Dennis Zwicker was born in Mahone Bay on May 22, 1919.
A month after Zwicker entered the world, the leaders of the Allied Nations signed the Treaty of Versailles, formally ending the First World War.
During his 100-year life journey, Zwicker has witnessed the introduction of many innovations now considered commonplace, including aerosol cans, ballpoint pens, microwave ovens, and credit cards.
“When I think about what one hundred years look like, what life was like in Mahone Bay in 1919, and what Dennis has seen during his life, it’s amazing,” said Jonathan Stevens, Zwicker’s grandson.
As an adult, Zwicker moved to Brownsville, Texas, where he became an American citizen and lived for many years. He joined the United States Merchant Marine as an engineer, serving overseas during the Second World War, the Korean War and the Vietnam War.
“Dennis travelled all over the world – Asia, Africa, Middle East, India, Europe, you name it. And he had the foresight to bring home antiques, paintings, and art from those places,” said Stevens.
Zwicker named his home Landau, after the German town where his family emigrated from before settling in Canada in the 1700s.
“We grew up with this Indiana Jones-style grandfather who had swords, spears, carvings, Persian rugs, grandfather clocks, and old history and Shakespeare books. He had an interesting story to go along with every item," recalled Stevens, who grew up in his grandfather's home alongside his brothers.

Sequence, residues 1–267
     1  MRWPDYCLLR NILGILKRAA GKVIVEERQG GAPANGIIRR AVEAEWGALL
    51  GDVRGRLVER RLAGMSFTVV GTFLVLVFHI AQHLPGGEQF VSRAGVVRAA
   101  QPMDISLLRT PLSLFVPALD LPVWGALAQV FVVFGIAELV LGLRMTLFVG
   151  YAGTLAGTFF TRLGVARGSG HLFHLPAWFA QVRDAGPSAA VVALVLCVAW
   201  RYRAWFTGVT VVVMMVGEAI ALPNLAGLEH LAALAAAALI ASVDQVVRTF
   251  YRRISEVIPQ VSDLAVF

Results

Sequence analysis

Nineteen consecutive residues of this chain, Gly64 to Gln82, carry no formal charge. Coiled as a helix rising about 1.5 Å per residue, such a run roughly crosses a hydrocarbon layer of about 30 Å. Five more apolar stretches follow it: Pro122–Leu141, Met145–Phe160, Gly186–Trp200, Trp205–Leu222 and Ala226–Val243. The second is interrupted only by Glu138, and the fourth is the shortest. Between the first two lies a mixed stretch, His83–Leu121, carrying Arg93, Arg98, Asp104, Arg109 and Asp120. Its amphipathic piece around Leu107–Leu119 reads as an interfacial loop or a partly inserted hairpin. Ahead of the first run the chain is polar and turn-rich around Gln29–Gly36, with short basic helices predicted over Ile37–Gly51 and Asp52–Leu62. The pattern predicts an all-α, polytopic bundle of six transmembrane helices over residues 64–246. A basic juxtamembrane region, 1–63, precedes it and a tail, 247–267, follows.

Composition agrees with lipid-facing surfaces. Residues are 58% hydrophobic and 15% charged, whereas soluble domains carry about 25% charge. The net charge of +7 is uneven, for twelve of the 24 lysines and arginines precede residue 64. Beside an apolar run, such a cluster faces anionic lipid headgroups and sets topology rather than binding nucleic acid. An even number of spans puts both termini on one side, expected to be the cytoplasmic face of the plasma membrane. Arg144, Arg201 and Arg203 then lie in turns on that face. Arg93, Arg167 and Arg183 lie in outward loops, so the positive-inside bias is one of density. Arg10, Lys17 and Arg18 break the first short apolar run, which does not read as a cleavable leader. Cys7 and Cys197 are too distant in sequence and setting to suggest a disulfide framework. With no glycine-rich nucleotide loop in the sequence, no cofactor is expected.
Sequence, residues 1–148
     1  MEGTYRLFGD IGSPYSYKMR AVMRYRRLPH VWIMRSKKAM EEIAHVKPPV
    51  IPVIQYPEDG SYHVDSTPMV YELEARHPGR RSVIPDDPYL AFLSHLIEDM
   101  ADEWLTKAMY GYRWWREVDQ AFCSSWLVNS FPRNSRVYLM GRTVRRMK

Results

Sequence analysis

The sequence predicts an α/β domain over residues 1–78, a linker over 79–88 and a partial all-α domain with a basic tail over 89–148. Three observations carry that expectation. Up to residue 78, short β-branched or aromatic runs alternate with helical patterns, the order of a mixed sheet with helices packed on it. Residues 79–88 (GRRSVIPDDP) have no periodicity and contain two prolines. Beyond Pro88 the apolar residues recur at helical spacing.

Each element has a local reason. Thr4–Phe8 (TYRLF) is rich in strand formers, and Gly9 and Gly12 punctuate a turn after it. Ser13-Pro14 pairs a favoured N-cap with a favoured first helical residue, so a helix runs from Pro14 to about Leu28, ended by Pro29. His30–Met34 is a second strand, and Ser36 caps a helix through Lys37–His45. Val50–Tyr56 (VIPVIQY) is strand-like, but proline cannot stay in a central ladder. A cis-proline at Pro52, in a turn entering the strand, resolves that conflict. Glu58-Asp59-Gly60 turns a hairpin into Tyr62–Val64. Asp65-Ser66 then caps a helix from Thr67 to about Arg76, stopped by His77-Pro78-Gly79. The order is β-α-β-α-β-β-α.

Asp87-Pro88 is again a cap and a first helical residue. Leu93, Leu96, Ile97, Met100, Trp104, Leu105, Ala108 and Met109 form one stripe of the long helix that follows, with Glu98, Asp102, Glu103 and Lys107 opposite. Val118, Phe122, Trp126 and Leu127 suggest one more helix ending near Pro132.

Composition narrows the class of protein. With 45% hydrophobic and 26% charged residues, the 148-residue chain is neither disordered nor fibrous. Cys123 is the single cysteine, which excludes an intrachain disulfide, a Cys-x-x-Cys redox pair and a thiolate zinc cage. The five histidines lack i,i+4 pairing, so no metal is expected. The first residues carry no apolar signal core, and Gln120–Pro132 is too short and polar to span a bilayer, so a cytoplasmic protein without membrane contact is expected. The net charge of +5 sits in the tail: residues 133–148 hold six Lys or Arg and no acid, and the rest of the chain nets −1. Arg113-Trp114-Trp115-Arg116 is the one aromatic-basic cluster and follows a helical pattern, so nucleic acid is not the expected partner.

Zwicker retired in the late 1960s and moved back to Mahone Bay, where he bought a house two doors down from the house where he and sisters Eleda Zwicker, 98, and Deborah Zwicker, 92, were born, and where Eleda still lives. Both sisters never married.
“Dennis has no biological children. He joined our family when he married my dad’s mother. He raised my brothers and me as his own, telling us that we were his chance to have children,” he said.
Zwicker’s extended family includes 11 grandchildren and 17 great-grandchildren.
When Zwicker’s first wife, Katherine, who was Stevens’ grandmother, passed away, he was alone for a decade until he met then married Hazel DeLong.
“Hazel was head seamstress at Suttles and Seawinds in Mahone Bay. Dennis and Hazel had a wonderful life together until she passed away three years ago, on their seventeenth wedding anniversary,” said Stevens.
What's the secret to a long life?
“The key to Dennis’ longevity is that he surrounds himself with people he cares about and who care for him,” said Stevens. “And he loves to laugh and have fun. He enjoyed going to Las Vegas to see the shows and have a good time. He wants to go back again, but that’s probably not in the cards.”
Stevens said his grandfather is not a big sports guy, but he enjoys politics and, because he spent so much time travelling, is interested in world affairs.
“Family and friends are his biggest interests.”
Fittingly, about 100 people attended Zwicker’s 100th birthday party at Ridgewood Assisted Living in Bridgewater, where the dapper and handsome centenarian now resides.
Zwicker received written congratulatory messages from Governor General Julie Payette, Prime Minister Justin Trudeau, Nova Scotia Lt.-Gov. Arthur LeBlanc, Nova Scotia Premier Stephen McNeil and Lunenburg West MLA Mark Furey.
The official recognition letter from Queen Elizabeth II is apparently on its way to Zwicker.
The governor general’s thoughtful message to Zwicker included a reference to her time in space.
“Over your lifetime, you have had unique experiences and met some remarkable people. You have witnessed the great moments in our history and seen Canada come of age as a country. You have lived through a period of incredible change and even seen the dawn of the Space Age," she wrote.
“The life you have lived, the valuable lessons that only time can reveal, deserve to be shared with all those around you. May this very special day be filled with happiness and create new memories for years to come.”